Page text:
Tick, tick, tick…
Following his Oscar-winning triumph An Inconvenient Truth, producer Lawrence Bender’s new awareness-raising documentary Countdown to Zero hones in on the world’s nuclear weapons and our frightening ongoing near-misses with atomic Armageddon. And we do mean frightening. Everyone from former Soviet prez Mikhail Gorbachev to US Secretary Of Defence Robert McNamara reveal how it’s a miracle that we’ve avoided nuclear war this long. Bender and director Lucy Walker talk disarmament, truth and Tarantino.
Is this the scariest documentary ever? Lawrence Bender: Telling the truth in this case is quite terrifying. We wanted to educate, motivate and mobilise.
Do you feel that the threat of nuclear war is no longer part of the cultural consciousness? Lucy Walker: I know, it’s amazing isn’t it? When I was a kid growing up in the ‘80s, my mum was talking about how she wanted to talk a pill when the bomb went off. My dad was worried he’d have to shoot the neighbours if he built a bomb shelter. My sister was planning escape routes through the fallout. And I think we weren’t alone: everyone was obsessed with the horror of nuclear weapons.
So what’s changed? Lawrence: You know, it’s interesting. If you’re graduating college today, you were born after the Berlin wall came down. And if you’re a little bit older like me, you remember school drills when you were a kid, diving under tables in case a nuclear bomb dropped on your city. Which we joke about now. But the cold war’s over, everyone’s forgotten about it. Young people don’t have any reason to think about it. It’s not something that’s on political agendas.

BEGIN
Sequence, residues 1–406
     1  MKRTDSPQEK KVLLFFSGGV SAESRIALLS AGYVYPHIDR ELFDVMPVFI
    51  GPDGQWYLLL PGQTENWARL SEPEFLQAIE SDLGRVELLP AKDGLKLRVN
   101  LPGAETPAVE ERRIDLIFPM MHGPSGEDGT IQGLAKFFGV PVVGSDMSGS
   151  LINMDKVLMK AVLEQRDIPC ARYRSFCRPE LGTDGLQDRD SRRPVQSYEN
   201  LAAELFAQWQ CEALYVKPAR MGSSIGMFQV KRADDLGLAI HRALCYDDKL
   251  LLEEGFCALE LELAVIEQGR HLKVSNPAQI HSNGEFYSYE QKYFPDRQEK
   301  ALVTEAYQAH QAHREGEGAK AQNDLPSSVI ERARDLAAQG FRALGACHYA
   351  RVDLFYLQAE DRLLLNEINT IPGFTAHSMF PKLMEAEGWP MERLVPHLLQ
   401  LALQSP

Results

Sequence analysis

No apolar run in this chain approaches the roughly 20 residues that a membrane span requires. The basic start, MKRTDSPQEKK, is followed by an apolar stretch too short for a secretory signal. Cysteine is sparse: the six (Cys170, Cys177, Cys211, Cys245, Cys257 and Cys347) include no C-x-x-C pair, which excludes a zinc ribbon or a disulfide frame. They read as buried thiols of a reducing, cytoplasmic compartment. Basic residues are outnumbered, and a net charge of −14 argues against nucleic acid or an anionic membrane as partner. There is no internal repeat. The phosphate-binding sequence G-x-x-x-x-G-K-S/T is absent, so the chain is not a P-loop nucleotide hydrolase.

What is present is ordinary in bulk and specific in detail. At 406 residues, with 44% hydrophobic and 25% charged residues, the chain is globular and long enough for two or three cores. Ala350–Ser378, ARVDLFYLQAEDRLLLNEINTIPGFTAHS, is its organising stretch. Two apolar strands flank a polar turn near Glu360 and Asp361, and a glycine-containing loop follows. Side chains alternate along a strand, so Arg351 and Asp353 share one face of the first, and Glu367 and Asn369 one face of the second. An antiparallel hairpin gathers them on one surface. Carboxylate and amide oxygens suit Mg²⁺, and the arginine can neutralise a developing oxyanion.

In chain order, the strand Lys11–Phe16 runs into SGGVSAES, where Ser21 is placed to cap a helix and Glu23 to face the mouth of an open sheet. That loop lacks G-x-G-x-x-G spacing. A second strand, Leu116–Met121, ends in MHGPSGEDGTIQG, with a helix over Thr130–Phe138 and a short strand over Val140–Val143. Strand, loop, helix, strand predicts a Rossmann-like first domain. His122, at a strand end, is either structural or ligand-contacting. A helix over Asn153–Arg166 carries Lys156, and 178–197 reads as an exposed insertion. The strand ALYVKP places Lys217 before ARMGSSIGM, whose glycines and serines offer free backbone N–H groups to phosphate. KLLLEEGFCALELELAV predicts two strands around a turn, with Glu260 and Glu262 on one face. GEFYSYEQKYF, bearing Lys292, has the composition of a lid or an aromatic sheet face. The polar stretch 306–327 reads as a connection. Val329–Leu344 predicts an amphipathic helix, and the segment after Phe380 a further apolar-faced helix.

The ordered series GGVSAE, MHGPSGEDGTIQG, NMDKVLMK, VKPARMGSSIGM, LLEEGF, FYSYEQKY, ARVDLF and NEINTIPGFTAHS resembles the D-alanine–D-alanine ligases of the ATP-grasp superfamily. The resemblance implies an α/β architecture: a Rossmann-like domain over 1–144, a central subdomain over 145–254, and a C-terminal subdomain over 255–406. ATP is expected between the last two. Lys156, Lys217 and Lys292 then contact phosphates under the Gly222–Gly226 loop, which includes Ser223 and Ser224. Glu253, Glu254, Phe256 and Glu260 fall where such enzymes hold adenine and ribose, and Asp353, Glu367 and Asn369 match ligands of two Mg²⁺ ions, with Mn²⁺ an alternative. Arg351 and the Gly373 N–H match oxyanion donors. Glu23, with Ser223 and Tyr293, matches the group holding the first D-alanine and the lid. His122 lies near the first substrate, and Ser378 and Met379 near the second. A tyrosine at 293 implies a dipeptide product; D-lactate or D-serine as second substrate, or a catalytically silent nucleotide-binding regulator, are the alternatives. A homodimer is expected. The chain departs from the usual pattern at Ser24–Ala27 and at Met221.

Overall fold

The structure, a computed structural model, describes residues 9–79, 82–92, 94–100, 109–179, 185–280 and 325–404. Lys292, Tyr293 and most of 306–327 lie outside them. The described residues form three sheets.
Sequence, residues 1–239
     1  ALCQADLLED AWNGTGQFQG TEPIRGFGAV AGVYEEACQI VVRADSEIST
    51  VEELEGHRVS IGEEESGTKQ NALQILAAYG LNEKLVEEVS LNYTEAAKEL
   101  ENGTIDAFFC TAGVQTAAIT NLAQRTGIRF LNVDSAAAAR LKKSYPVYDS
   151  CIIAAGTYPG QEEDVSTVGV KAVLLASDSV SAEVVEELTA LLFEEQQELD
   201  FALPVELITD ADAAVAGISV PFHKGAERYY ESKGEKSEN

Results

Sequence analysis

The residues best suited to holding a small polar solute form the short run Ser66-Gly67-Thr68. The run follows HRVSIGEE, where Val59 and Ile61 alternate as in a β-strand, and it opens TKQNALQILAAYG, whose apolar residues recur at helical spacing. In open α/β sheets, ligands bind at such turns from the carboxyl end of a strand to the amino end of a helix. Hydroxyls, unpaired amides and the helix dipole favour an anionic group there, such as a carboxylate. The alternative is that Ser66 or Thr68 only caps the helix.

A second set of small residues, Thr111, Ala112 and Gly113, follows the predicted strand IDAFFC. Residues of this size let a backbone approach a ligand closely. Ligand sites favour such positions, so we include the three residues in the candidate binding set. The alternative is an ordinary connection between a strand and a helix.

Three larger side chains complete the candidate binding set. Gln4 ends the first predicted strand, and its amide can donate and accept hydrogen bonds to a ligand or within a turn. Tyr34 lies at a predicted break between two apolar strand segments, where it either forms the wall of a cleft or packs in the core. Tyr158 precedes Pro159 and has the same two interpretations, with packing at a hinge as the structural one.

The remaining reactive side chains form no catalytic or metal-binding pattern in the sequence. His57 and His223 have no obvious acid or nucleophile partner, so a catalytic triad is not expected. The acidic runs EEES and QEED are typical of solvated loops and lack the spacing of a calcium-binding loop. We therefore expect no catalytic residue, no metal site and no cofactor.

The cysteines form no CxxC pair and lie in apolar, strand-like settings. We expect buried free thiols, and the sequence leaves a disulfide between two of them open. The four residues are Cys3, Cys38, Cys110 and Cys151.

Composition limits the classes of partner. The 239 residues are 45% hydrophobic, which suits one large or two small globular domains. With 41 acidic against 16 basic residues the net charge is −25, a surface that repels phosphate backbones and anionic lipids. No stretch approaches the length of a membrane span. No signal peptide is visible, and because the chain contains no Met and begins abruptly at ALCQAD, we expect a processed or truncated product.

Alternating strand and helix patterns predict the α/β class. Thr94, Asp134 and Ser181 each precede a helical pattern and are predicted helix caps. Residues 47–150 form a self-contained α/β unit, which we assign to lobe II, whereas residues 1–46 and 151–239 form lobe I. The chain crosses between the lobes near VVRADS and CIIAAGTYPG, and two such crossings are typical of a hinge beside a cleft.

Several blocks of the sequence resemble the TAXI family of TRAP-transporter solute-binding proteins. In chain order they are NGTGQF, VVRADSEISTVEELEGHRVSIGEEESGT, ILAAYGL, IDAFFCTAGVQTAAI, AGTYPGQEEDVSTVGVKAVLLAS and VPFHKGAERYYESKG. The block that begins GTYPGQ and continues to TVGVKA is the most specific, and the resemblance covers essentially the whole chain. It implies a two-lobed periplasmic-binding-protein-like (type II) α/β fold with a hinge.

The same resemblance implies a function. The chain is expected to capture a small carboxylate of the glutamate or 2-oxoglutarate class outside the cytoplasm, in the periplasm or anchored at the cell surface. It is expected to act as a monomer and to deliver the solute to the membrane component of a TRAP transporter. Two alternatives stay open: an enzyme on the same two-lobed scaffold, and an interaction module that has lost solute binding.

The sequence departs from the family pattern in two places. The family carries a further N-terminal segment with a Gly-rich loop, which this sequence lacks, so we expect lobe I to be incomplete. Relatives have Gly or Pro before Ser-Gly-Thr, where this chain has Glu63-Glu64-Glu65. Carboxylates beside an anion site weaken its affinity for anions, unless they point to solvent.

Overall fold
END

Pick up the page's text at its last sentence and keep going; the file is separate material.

What are the odds of a nuclear catastrophe right now? Lawrence: Well, it’s scary. There’ve been so many near-accidents. The chance of an accident is very small. But if it can happen, it will. That’s why the Global Zero movement is so important: to eliminate all these weapons from the face of the earth, so it can’t happen and it won’t.
Could this documentary really make a difference? Lawrence Bender: I made An Inconvenient Truth, I produced that movie, so I got to see firsthand how a movie can educate and inspire people to make a difference. There are a lot of issues in the world. But there are probably two that could change life on a planetary basis: climate crisis and nuclear threat.
Have you had any feedback from celebrities who’ve seen the documentary? Lawrence Bender: Quentin Tarantino, my dear friend and partner in crime, saw the movie when we screened it at Quincy Jones’ house. He said, ‘This a movie that needs to be seen in a movie theatre.’ It was so nice to hear that. I didn’t ask him if he was scared by it…
Do you and Quentin have anything in the pipeline? Lawrence Bender: Well, he’s writing something soon, but that’s in his brain right now. That’s not for public consumption. We’ve been working together for almost 20 years now, since Reservoir Dogs, so it’s a collaboration that really works. The day that Quentin Tarantino calls me and says, ‘read my new script’ is the day I jump.